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VOLUME 35 August 7, 1961 No. 6
MONDAY: The second edition of the Trenton Fails trip went out under cloudy skies with Dick Carlton in charge, assisted by Jock McQuilkin, Warren Hills and Dick Koppisch. the sun appeared later on in the day and gave them a good start on their three days away from camp. The rest of the camp enjoyed an ideal swimming morning with very little wind for sailing. An expedition led by Frank Pine sallied forth in search of the original beginning of the road used by the Continental Army. The authentic start of the road is actually only a short distance from camp, hut is now overgrown with weeds and brush. In the afternoon, we had a double header softball game in which the Warts beat the Aces 5—0 and the Japs overpowered the Rebels 5—0. A short swim after supper cooled everyone off before bedtime.
THE THIRD OF AUGUST: We awoke to a sunny clear camp day. Sailing and Life Saving classes took up portions of the morning along with our regular camp activities. Later in the day, Frank Pine, Tom Gilmore, and David McManus took a lookout trip for an overnight stay. There were twenty campers who undertook the voyage. The day ended with the after—supper game and swim for all who desired it.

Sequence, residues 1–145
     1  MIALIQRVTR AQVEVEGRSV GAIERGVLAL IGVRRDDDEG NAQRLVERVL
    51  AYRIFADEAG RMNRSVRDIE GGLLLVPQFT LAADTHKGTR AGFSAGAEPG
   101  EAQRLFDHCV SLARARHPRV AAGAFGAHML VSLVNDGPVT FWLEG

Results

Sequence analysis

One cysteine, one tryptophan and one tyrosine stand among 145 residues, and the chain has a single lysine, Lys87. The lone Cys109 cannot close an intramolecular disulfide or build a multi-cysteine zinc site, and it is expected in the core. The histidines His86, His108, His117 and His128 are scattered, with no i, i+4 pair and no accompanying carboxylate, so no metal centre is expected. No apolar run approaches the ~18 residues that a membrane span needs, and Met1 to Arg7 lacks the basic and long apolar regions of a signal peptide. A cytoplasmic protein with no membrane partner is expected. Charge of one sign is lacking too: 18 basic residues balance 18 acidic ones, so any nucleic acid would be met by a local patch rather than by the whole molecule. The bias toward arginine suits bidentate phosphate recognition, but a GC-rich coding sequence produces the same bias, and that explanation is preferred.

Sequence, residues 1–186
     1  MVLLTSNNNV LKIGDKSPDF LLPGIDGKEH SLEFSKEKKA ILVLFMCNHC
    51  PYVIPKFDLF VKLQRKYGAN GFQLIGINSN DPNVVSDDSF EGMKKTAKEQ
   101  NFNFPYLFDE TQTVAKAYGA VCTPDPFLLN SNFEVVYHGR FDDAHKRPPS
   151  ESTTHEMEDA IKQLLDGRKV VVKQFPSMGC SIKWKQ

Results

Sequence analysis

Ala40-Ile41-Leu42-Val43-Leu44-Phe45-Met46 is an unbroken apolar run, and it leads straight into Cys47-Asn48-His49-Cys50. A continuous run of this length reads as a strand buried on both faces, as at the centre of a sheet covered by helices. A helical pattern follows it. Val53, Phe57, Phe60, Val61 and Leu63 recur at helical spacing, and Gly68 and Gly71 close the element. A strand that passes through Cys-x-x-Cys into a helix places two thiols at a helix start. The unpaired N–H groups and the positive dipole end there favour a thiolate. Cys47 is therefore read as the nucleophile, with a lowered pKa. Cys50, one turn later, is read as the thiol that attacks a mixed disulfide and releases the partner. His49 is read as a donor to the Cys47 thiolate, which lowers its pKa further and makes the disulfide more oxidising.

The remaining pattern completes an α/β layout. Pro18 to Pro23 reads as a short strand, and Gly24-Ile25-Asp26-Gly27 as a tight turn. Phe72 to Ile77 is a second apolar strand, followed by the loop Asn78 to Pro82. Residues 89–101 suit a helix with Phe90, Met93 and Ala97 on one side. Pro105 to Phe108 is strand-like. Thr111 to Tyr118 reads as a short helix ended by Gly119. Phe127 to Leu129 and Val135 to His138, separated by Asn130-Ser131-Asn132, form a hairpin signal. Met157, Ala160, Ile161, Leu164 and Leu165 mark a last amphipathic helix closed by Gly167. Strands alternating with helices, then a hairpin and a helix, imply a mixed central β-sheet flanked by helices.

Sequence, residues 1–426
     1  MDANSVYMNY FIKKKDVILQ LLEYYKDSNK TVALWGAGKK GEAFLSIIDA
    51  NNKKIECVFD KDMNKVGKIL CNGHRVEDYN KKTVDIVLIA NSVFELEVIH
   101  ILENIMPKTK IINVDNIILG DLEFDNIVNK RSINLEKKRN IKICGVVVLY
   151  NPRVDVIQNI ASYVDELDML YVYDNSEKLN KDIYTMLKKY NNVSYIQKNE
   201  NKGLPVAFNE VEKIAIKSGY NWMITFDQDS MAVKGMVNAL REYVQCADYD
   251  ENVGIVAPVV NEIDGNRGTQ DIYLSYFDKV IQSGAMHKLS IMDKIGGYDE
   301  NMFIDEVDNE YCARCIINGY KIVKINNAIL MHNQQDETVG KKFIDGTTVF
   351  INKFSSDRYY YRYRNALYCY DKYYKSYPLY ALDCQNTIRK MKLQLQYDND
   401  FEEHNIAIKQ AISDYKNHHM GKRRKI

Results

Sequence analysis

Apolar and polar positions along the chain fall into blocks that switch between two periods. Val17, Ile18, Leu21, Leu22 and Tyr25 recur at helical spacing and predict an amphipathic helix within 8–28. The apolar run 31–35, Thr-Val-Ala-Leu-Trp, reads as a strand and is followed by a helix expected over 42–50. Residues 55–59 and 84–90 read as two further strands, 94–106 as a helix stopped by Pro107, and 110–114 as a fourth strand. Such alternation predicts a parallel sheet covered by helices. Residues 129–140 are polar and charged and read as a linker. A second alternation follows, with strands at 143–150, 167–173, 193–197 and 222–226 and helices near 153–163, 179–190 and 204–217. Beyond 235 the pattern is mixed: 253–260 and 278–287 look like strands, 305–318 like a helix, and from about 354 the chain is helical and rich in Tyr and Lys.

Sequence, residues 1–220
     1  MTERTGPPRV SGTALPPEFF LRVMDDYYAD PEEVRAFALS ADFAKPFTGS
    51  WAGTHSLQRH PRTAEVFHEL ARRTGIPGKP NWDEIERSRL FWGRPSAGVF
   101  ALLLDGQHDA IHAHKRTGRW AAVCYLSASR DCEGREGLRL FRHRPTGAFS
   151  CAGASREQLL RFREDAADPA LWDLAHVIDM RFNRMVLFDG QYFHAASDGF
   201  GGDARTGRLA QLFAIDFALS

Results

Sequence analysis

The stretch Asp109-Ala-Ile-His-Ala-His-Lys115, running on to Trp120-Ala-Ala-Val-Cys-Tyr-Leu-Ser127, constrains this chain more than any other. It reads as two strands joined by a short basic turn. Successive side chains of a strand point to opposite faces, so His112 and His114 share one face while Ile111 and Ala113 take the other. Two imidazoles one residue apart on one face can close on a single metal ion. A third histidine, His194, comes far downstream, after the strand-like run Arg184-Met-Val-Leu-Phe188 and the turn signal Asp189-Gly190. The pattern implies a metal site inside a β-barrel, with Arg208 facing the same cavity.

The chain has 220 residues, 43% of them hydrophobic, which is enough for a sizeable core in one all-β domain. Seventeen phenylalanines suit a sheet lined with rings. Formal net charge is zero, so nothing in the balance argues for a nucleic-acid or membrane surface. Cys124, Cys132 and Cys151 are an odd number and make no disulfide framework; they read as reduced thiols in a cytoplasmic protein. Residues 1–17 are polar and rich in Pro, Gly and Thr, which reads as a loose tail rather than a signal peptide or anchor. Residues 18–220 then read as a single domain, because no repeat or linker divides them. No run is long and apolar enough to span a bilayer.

WEDNESDAY: A heavy overcast and rainy Day. We were able to bring back the Lookout trip before they were saturated with the heavenly precipitation. It was quite reliably reported on their return, that bobcats were seen and heard throughout the night and early Morning. The N.Y. Conservation magazine wrote in their recent issue that bobcats are appearing to be rather common to this territory. Fortunately they are quite harmless; and, we have not become concerned about their presence. On the trip down the mountain to camp, Frank Pine discovered many varieties of fungi. He brought back a colorful exhibit of some fifteen types. After rest period, it was obvious that the rain was with us for the afternoon. It gave us a fine opportunity to show some movies of the 59 World Series. The Trenton falls crew returned at about 4:30 p.m. with very little to report other than they all had a most on enjoyable and pleasant time. A few of the hardier campers bad a swim in the rain before supper. The weekly feature film in the evening was entitled, ‘“The Canterville ghost. A delightful picture punctuated with gales of laughter from the audience at varying intervals.